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Design Review Board Recommends 46-Story Apartment Building in Downtown Seattle Move Forward to MUP Application

Pinnacle Plus, Plus Capital Partners, Hewitt Architecture, Seattle, Pike Place
Rendering Courtesy of HEWITT

By Bekka Wiedenmeyer

Nestled in the heart of Downtown Seattle is 1516 2nd Avenue, a site surrounded by buildings from all eras of historical Seattle with major pedestrian activity created by Pike Market Place, located one block west. In November, Pinnacle Plus Development, LLC, Plus Capital Partners, LLC and architecture firm HEWITT presented an amended proposal to the Downtown Design Review Board for a 46-story apartment building with retail and below-grade parking at the site during a final recommendation meeting. At the conclusion of the meeting, the Board unanimously approved the design and recommended the project move forward to MUP application.

The site, owned by Pinnacle Plus Development, LLC and Plus Capital Partners, LLC, is currently developed by a four-story commercial building constructed in 1963 and a surface parking lot. The existing building, which is not a designated historic landmark, is set to be demolished to make way for the project. Directly adjacent to the north of the site is a seven-story apartment building, which is also not a designated historic landmark, and an eight-level parking structure directly adjacent to the south. Across the alley to the east are two city landmarks, the Olympic office tower and the Fischer Studio Building, which are now condominiums. Two more landmarks are located on the block corners, bookmarking a residential tower. The rest of the district is composed of mixed-use buildings from different decades, providing a home for the foot traffic that flows from closeby transit corridors, Pike Market Place and Pike/Pine couplet.

There are multiple goals to the currently unnamed project, according to the proposal. The design team broke these goals down into three separate categories in the project proposal: Be a good neighbor, be in the know and be smart. Through this project, the team is hoping to give people a chance at home ownership and allow people to invest in the neighborhood, along with allowing for an architectural expression that takes into account the character of the community and its inhabitants. The team is also aiming to activate pedestrian use of the surrounding street level areas and make the space useful in terms of connecting the downtown retail core, Belltown and Pike Place Market. Lastly, the team hopes to exercise Crime Prevention Through Environmental Design (CPTED) principals so that pedestrians can have an improved experience through the addition of the building the neighborhood.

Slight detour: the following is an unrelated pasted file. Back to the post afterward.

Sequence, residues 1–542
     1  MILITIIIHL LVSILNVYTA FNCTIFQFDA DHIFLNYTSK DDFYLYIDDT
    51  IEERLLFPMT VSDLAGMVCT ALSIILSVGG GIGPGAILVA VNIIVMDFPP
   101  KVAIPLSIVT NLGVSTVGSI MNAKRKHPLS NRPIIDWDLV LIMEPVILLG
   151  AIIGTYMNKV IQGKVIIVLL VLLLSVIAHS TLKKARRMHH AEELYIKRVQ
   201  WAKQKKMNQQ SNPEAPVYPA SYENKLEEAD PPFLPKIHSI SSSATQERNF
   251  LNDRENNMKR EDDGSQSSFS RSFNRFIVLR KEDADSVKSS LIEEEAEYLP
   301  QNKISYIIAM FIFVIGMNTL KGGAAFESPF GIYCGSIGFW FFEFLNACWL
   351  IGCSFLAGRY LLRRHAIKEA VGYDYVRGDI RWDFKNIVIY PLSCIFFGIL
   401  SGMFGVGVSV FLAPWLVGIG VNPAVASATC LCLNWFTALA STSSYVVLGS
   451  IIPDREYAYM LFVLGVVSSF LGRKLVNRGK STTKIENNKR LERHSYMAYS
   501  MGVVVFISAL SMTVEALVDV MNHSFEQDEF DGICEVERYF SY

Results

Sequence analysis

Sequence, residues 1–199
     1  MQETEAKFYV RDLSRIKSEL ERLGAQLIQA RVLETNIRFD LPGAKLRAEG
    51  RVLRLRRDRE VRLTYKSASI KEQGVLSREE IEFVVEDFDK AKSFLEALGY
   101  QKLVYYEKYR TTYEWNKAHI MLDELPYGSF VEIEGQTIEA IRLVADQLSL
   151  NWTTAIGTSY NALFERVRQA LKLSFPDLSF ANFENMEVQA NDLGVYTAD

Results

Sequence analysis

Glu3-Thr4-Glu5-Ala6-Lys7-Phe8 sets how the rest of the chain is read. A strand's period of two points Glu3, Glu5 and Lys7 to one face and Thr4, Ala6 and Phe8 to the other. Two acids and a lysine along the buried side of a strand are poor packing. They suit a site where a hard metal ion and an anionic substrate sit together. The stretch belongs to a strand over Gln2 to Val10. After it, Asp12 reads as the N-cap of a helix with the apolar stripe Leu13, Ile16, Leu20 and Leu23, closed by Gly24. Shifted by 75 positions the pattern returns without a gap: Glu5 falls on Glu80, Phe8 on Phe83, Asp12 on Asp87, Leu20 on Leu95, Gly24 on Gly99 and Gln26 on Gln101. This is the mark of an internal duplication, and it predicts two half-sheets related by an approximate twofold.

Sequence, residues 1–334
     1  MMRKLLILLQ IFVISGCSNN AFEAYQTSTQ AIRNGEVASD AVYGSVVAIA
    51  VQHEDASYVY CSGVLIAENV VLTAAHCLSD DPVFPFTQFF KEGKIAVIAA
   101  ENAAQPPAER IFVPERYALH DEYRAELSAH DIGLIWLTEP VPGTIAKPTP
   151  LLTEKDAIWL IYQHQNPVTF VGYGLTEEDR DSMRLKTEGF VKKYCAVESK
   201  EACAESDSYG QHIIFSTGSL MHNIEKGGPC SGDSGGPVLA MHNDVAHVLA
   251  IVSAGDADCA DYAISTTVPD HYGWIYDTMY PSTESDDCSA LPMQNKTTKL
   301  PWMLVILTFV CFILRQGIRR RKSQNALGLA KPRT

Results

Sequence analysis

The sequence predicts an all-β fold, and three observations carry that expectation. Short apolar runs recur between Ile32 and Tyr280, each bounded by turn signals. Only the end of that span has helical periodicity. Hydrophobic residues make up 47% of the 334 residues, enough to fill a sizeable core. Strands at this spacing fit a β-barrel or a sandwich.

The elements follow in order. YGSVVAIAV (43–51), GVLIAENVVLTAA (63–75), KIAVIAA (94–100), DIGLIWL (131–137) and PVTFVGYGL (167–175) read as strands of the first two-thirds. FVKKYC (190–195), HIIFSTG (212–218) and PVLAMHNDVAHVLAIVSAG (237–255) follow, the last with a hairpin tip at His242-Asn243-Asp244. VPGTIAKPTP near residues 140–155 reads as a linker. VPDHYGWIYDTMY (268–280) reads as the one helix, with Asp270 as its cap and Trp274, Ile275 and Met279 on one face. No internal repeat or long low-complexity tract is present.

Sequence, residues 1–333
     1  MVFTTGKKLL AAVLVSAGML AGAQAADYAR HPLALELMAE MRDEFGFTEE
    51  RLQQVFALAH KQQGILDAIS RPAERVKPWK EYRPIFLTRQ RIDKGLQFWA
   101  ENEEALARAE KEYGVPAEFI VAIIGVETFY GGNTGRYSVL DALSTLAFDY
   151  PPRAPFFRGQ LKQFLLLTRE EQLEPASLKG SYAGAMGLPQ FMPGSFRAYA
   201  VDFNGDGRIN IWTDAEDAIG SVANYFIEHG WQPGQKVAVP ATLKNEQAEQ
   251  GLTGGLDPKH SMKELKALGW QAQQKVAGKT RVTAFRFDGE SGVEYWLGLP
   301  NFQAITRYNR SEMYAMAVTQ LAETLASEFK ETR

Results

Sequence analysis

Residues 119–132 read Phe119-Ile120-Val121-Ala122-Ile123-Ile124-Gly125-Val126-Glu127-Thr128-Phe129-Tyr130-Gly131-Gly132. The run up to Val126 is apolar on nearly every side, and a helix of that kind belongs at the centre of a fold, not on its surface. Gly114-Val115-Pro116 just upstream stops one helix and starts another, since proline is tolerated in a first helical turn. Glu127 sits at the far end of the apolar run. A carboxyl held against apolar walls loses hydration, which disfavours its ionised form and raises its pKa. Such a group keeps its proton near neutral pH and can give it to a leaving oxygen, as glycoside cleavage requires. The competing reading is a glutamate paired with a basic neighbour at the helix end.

According to project documents, the 19,440 square foot site will be comprised of a 46-story, 518-unit apartment building with retail with space for 270 below-grade parking spots. Features include outdoor amenity areas such as rooftop terraces, with varied floor layouts to accommodate residential project studios, storage, amenities, commercial space and more.

The project has a “Mama and Baby” tower design, as described by the project team, with the 484 foot Mama tower rising over a 90 foot long podium. The Baby tower is connected to the Mama tower by three story columns, which not only provides cohesiveness but also simultaneously allows for an organic break in the massing. The Board initially supported this as the preferred massing option in the first early design guidance meeting in October 2018, but also supported public comment that the design team study the facade development further, especially in the transition to the northern podium. In response, the team lowered the height and setback the podium, which the Board supported.

Other design features of the project include a porte cochere design at the alley, which has increased setbacks that will permit more light, air and activation opportunity in the alley. The Board recommended the team validate their proposal for the alley design with SDCI and SDOT and make any changes the City required for safety or vehicular functionality purposes, of which the Board will be supportive.

Additional comments made by the Board that were addressed in the final recommendation meeting encompassed tower placement, with the Board suggesting the previously mentioned transition be achieved not only through height reduction but also through massing and material detailing. The Board also supported the proposed lighting plan of the buildings, but recommended the team share more details during MUP review so that lighting from the lobby and exterior void would not glare or overlap the alley.

At the conclusion of the meeting, the four Board members approved the design and recommended the project move forward to MUP application. Pinnacle Plus Development, LLC, Plus Capital Partners, LLC and Hewitt Architects will be expected to provide further information regarding lighting and alley design at the MUP review meeting, and with the Board’s support, will move closer toward their goal of providing a space for people to have a home and ownership in the surrounding community through the site at 1516 2nd Avenue.